Scotland Yard was at the centre of a new row over the shooting of Jean Charles de Menezes following allegations that he was the suspect in a rape case.
It has emerged that the 27-year-old electrician, gunned down by armed officers at Stockwell Tube station, is being linked with a sex attack in London.
Officers have contacted lawyers acting for the dead man's family to ask for permission to examine DNA samples taken after his death. These are understood to be held by the Independent Police Complaints Commission (IPCC) which has been investigating the shooting and has also been contacted by the Metropolitan Police.
The inquiry is in response to a call, more than six months after the Brazilian's death, from a rape victim who named Mr de Menezes as her attacker.
Sources close to his family have reacted with fury to the allegations. They accuse the Metropolitan police of deliberately leaking the details of the rape inquiry in an attempt to deflect attention from the investigation into the shooting of Mr de Menezes, who was mistaken for a terrorist by armed officers.
His relatives are already pursuing a complaint against Sir Ian Blair, the Commissioner of the Metropolitan Police who, they allege, misled the public in the wake of the shooting.
The Crown Prosecution Service (CPS) is also considering whether to bring charges against the officers involved in the death of Mr de Menezes.
A source told The Independent on Sunday: "This is a deliberate attempt to deflect the blame. First [the police] tried to say he was a terrorist and now this... he is no longer here to defend himself."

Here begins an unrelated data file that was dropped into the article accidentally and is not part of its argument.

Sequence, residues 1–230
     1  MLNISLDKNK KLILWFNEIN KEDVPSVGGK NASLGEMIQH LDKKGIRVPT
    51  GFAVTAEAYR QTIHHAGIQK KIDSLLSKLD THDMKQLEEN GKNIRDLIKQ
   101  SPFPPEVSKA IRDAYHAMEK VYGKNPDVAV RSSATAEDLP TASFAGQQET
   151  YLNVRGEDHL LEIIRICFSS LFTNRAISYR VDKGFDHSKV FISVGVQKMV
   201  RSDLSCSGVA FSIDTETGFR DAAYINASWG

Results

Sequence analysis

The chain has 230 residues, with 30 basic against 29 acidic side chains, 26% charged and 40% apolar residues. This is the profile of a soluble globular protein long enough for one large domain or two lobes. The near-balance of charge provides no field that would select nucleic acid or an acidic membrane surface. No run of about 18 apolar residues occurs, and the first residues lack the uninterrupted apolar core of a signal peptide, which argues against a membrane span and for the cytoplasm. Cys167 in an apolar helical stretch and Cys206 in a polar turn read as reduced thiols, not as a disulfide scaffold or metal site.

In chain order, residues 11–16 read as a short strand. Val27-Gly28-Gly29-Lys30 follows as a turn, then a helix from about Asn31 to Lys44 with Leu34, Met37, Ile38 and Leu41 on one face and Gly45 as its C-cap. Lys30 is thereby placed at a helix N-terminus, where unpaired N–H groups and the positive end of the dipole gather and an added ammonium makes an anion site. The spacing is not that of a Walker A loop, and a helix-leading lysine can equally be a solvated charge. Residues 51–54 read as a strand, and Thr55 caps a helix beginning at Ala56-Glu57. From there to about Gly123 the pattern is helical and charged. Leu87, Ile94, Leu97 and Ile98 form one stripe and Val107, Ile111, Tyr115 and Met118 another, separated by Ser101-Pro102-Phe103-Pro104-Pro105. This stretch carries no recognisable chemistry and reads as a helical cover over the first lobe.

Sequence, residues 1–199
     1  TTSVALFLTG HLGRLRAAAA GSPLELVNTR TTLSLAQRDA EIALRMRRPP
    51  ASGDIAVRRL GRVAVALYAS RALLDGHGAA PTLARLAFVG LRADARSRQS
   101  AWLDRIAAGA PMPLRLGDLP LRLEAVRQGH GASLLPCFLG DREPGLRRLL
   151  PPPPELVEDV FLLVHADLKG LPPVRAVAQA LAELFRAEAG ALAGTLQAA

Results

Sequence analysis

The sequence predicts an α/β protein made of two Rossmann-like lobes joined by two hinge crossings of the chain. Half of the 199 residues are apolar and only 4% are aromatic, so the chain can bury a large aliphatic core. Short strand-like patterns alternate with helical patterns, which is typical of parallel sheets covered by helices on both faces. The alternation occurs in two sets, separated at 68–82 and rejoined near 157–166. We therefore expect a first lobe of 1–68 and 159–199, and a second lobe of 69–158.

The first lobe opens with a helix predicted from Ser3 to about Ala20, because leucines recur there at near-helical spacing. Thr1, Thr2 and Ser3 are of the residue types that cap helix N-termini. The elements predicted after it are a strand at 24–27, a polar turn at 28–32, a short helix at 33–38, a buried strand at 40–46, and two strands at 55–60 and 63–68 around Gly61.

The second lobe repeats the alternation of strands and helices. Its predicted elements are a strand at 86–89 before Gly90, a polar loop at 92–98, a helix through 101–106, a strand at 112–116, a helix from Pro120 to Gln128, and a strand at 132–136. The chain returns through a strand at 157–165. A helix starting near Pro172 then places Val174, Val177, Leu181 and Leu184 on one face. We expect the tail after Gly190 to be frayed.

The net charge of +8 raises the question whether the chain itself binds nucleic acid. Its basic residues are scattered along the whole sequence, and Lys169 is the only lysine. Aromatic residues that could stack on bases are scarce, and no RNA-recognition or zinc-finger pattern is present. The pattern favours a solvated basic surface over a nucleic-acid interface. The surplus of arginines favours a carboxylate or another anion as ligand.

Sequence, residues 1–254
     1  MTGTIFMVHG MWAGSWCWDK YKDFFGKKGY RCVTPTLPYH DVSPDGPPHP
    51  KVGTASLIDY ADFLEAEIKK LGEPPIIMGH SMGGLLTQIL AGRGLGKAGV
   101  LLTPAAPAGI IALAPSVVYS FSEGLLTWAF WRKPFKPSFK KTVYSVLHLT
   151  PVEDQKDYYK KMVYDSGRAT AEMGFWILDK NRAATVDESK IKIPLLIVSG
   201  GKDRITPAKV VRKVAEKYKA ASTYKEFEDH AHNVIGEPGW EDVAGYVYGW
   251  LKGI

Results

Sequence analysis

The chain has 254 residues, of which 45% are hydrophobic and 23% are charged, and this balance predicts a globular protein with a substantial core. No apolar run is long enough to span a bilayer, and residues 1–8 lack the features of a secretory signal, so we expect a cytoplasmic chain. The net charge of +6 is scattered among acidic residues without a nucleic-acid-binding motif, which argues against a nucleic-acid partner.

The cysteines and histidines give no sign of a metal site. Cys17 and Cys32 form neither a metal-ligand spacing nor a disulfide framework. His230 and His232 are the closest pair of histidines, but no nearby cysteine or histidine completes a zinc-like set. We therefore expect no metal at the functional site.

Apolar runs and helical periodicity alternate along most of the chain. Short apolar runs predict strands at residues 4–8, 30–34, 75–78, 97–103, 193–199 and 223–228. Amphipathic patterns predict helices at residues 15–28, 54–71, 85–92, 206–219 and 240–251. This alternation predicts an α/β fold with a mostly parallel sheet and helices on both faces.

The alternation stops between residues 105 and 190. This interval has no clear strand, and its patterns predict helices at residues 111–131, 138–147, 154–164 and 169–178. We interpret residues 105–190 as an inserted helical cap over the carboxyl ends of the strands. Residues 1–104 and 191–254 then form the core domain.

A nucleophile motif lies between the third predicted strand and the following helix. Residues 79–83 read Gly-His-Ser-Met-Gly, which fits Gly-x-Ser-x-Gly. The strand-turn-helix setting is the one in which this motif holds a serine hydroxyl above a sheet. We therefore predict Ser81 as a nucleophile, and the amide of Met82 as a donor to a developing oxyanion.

Last night, the Metropolitan Police confirmed that inquiries were continuing into the alleged rape, which happened in the West End of London.
The Met said in a statement: "The victim of a rape in the West End more than three years ago contacted us earlier this year and provided the name of a suspect. The name was given as that of Jean Charles de Menezes... and inquiries are continuing."
Mr de Menezes was shot dead by armed officers on 22 July, the day after the failed copycat bombings on the London Underground. Eyewitness accounts of the shooting initially suggested that the Brazilian electrician was a suicide bomber - an impression the police did not try to alter.
Surveillance officers searching for Hussein Osman, who was allegedly involved in the failed bombings, had been staking out the flats in Tulse Hill from which Mr de Menezes emerged.
The Independent on Sunday last month revealed that the IPCC report alleges police tried to fake evidence relating to the killing by altering the police log. According to the report an officer outside the flats wrongly identified Mr de Menezesas Osman and firearms officers were dispatched to stop him. Once it was known an innocent man had been killed, the log was altered so that instead of reading "it was Osman", it read "it was not Osman".